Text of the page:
Actual cross training strengthens the muscles you aren't using for riding and barn chores. That's important, because the muscles that stabilize our joints generally work in opposition to each other. If you're only doing one type of activity (dead lifting feed bags, pretending to be a dressage rider, chasing bastards..), then you're only working one set of muscles and that puts too much strain on your joints. 

One thing I'm learning in PT is that the exercise routines for riders that I see posted everywhere are not tailored to strengthen our whole bodies, and I wonder if this is why I see a glut of riders with hunched shoulders and tight hamstrings. If you're just working your abs and glutes, which is what the riding workouts do, you're definitely going to end up riding this way.

Abs and buns of steel don't help you ride better if they destroy your back and knees. Remember to work other parts of your body, too. 

Once I'm done with my PT, I'm going to try rowing. Not on the water, because I hate boats that don't have jacuzzis and bars, but with one of those rowing machines. I'm also going to keep up with my PT exercises so that I hopefully don't end up back in PT.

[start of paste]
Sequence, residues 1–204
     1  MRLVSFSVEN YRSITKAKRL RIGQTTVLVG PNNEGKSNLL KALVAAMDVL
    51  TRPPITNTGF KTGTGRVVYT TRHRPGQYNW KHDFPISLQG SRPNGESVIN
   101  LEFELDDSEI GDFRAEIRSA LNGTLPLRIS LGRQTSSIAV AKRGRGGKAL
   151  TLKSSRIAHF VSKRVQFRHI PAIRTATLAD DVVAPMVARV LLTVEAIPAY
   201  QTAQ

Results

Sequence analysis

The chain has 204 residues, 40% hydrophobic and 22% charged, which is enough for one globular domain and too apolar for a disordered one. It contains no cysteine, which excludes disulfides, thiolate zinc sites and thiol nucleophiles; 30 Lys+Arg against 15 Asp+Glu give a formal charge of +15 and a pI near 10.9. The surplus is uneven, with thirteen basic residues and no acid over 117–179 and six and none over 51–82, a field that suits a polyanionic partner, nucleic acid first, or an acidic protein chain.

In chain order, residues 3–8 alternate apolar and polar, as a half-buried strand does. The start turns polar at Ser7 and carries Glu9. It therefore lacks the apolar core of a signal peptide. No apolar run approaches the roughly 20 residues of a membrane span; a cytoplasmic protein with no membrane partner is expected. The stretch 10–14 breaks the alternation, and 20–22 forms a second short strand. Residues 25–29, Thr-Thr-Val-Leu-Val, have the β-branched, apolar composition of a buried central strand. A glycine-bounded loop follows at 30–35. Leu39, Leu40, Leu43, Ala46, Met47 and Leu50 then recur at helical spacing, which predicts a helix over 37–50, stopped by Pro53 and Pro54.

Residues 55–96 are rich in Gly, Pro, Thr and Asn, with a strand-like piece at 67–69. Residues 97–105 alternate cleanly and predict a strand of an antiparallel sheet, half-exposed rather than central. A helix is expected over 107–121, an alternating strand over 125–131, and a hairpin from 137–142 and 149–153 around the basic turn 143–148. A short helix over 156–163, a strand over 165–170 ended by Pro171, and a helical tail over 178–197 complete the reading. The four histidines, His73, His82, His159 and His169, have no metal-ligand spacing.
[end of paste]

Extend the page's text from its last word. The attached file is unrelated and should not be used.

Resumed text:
I don't have any relevant photos of my own, but here's a photo of a mule doing dressage way better than I have ever done. There's a metaphor in there somewhere. 









Thursday, May 19, 2016

Physical Therapy

Physical Therapy sucks.

This is not my first round of PT, I've done it a few times over the years, so I feel I can be fairly definitive when I say that it's pretty much the suckiest thing that ever sucked. 

It's uncomfortable, and it's hard. It's supposed to be. I've been using my body the wrong way, and now it's used to that and resisting. 

I know, because I've done PT before, that as I progress it will get easier and my neck is already starting to feel better, but PT is sucky right now and I prefer to live in the right now. 

PT reminds me of dressage.